EVVA MCS

From Lockwiki
Revision as of 06:42, 10 April 2021 by Sandplum (Talk | contribs)
(diff) ← Older revision | Latest revision (diff) | Newer revision → (diff)
Jump to: navigation, search

EVVA MCS

EVVA MCS
Mcs cylinder.jpg
Name EVVA MCS
Manufacturer EVVA
Lock Type Cylinder
Lock Design Magnetic
Year(s) Produced 1975-Present
Patent US 4,084,416


The MCS (or Magnetic Code System) is a magnetic lock made by EVVA. It is one of the few magnetic locks to gain widespread acceptance and is also considered one of the best mechanical locks in the world. The MCS has been sold under a variety of names, including IKON System M (DE) and Mottura MC (IT)[1].

Contents


Principles of operation

Main Locking Element (Magnetic Rotors)

  • There are 8 magnetic rotors, 4 on each side of the keyway Mcs sidebar wrong.jpg
  • Magnets in each rotor are Diametrically charged Diametric-Magnet.jpg
  • A plate with one or more gates is glued to the magnet Mcs magnet rotors.jpg
  • Inner sidebar has 3 fingers and outer sidebar has 1 finger/pin that interact with the rotor gates Mcs plate hooks.jpg
  • Whole sidebar must slide fore (towards key bow) Mcs sidebar open.jpg
  • To align with milling in the bible Mcs cylinder boring.jpg
  • When both sidebars are slid forward the core can then rotate.

Minor Locking Elements (Generation 1)

  • Gen 1 locks have 1 active ball bearing pin, this simply must be depressed to allow the core to turn, there is only 1 height.
  • There are 12 passive ball bearings that will most often jam when an incorrect key is inserted. Occasionally these can also jam when under a picking attack, but they are less likely and need only a slight bump to be corrected.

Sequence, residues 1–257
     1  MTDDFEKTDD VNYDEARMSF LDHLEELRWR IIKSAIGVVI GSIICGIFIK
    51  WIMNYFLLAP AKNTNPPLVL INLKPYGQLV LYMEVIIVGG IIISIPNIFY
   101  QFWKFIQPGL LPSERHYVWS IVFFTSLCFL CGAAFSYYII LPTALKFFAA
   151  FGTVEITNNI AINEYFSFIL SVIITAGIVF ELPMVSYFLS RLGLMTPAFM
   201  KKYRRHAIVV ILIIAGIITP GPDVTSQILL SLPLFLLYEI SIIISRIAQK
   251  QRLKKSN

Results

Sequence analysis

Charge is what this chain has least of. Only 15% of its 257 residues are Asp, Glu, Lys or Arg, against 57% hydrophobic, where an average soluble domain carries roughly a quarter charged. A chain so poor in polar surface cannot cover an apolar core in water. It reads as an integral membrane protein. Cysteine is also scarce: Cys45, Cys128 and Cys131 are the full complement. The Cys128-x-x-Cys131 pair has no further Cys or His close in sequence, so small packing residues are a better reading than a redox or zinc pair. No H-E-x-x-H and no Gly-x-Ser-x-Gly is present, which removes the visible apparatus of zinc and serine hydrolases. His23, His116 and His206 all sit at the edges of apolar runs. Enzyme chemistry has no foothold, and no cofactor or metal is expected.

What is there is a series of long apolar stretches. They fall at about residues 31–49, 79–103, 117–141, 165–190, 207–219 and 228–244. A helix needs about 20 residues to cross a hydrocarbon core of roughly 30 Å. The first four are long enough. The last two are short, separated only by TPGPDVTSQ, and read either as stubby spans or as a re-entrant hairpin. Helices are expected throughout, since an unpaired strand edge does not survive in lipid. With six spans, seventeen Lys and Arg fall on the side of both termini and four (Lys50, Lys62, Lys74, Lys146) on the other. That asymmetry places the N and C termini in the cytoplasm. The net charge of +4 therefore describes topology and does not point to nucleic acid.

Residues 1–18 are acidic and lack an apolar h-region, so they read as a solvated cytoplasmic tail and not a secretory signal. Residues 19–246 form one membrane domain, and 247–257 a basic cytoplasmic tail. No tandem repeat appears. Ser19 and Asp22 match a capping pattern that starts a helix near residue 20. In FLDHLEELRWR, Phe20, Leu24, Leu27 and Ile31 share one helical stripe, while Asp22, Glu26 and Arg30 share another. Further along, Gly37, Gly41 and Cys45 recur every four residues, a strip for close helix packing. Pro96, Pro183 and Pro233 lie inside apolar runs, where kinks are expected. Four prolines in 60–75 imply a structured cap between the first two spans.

Minor Locking Elements (Generation 2)

  • Gen 2 locks have the same active ball bearing pin, it is simply moved forward in the lock from Gen 1 Mcs keyball full.jpg
  • Gen 2 adds passive sliders (4 on top, 3 on bottom) Mcs sliders.jpg
  • Key has slider tracks on the top and bottom Mcs profiles.jpg
  • If sliders are incorrect they will jam the core not allowing magnetic sidebar to be tested. Mcs sliders partial.jpg
  • Once aligned core will rotate (until sidebar comes into play). Mcs sliders full.jpg
  • WARNING! Sliders can fall out of place once core is rotated if lock is more worn and a key is not in the lock.


Disassembly instructions

Generation 1 (1 active ball bearing, 12 passive ball bearings)

  1. Remove c-clip
  2. Depress active ball bearing with a tool and slide core towards front
  3. Keep checking both ball bearing and gap towards the rear of plug as they will both get caught on the 3 passive pins and 1 active pin as plug moves forward
  4. Once plug is out:
    1. Remove split ring sidebar reset system
    2. Remove outer sidebar
    3. Use pliers or knife to snap out plastic sidebar spacer (WARNING! older locks the plastic can be quite brittle, likely it will crack, though cracked sidebar spacers can be repaired with superglue)
    4. Remove inner sidebar to then access the rotors
    5. Rotors can be removed
    6. Repeat for other sidebar
  5. Link to YouTube Video on Disassembly

Vulnerabilities

The MCS is considered one of the best mechanical locks in the world.

Confirmed picking and decoding are possible on this lock using an audio attack for feedback.

It is vulnerable to one or more of the following:

Gallery

References

  1. PULFORD, Graham (2007). High Security Mechanical Locks: An Encyclopedic Reference. ISBN 0750684372.

See also


Stub lock.png
This article is a stub. You can help Lockwiki by expanding it.
Personal tools